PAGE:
It’s like those parents who let their kids run around restaurants, grocery stores, and what have you, causing mayhem and endangering everyone else’s safety—because they’re afraid to discipline them. These kinds of parents and coaches—and bosses—are not doing their charges any favors. They are simply enabling bad behaviors—which affect the bottom line.
Are you enabling bad behaviors by ignoring them, by staying quiet, by being afraid to challenge your employees when required? One of my favorite business mantras has always been: to be a leader, you have to have the tough conversations.
There’s another saying in sports my ex-coach husband shared with me: When things are spiraling out of control, it’s often because the coach has “lost the locker room.” In other words, the coach has lost the team’s respect, and the team starts acting like a junior high class with a substitute teacher. Spitball fight! You can’t lead without the respect of your team.
Have you lost the locker room? If so, how can you get it back?
Every business owner is super busy – we all have a thousand responsibilities and items to check off our to-do lists every day. Those duties can suck up our entire day (or more) if we let them. (In the last five minutes, nine new emails and a voice mail popped into my phone.)
Sure, these tasks need to be done, but burying your head in the weeds is not leadership. It’s funny. Many business owners tell me they’re tired of “babysitting” their staff—that their staff should know what to do on their own.
Hold the phone. If you’re the owner/boss, it’s your job to engage with your employees. That’s what leadership is. You set the expectations, values, goals, mission, and culture of the firm. And how else are you going to do so other than by communication, training, coaching, example—by engaging with your employees? Leadership by osmosis is rarely effective. If that’s what you rely on, then you really have no control over what your employees absorb. Wouldn’t you rather guide your employees to do what you want them to than leave it to chance?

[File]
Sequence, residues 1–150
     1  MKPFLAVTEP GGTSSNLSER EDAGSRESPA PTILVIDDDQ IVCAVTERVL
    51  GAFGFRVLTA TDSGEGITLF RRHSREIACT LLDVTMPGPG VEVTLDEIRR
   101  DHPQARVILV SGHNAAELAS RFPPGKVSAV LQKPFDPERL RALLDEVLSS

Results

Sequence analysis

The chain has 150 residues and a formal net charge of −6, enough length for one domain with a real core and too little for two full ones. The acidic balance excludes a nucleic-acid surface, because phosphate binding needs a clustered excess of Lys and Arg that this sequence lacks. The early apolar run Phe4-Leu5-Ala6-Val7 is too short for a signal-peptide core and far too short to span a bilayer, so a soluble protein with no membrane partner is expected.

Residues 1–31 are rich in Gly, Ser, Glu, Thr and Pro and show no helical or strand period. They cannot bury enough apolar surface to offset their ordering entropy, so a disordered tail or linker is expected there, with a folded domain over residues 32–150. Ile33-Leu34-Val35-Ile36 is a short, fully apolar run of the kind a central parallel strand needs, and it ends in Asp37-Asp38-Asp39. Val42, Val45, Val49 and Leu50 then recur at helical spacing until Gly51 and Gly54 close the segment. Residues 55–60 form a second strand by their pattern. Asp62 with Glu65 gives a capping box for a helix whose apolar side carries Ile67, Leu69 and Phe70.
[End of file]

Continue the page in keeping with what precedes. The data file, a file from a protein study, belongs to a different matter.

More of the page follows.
As Deepak Chopra and others say: “Language creates reality.” What if we changed the word “babysitting” (I’ve also heard “coddling” and “hand-holding”) to “mentoring,” “coaching,” and “leadership.” That changes everything. Now it is not only your responsibility but your privilege to inspire your employees to do their best work, to reach their highest aspirations.
But leadership doesn’t happen in a vacuum. It’s like any other skill—it takes time, care, and intention. Some people are born leaders and others have leadership thrust upon them. If you are a business owner, you’ve had leadership thrust upon you whether you like it or not. Think of it this way—the reason you are so busy is that those same employees are supporting your business by fulfilling their functions while you go out and bring in new business, work with your clients, or squint at your financials. In this way, your employees should be your NUMBER ONE priority, because without them, you wouldn’t be successful—you wouldn’t be a business at all. I have been preaching this concept for years, and I am not alone. Richard Branson famously asserts: “Clients do not come first. Employees come first. If you take care of your employees, they will take care of the clients.” https://www.overallmotivation.com/quotes/richard-branson-quotes-employees-work-life/)
So I ask you again, what negative employee behaviors are you coaching, but not admitting as your responsibility? What negative behaviors are you allowing and not challenging and correcting? If you don’t like your employees’ disruptive behavior, examine your own role. They may simply be doing what you’re telling them to do, whether directly or indirectly. Now that Myles Garrett is out for the rest of the season, he won’t do the Browns much good, will he? This “challenge” might have been prevented with strong and active leadership from the start.
When you take care of your employees, whether by coaching them in a positive way, working with them on their professional development, providing a collaborative and professional culture and atmosphere, or challenging them when they go off the playbook, you are building a stronger culture and more effective—and profitable— company.
I’m often asked how to create just this kind of positive culture to drive the business forward. That’s the fun of it. Every firm’s culture is different because every business owner is different—each one brings his or her distinct personality to the firm. The answer is to hire people who embody your values and mission and then lead them in an active, not passive, way—coaching in the positive behaviors that help your business thrive; coaching out the negative behaviors that run counter to your mission; and not leaving things to chance by passive omission.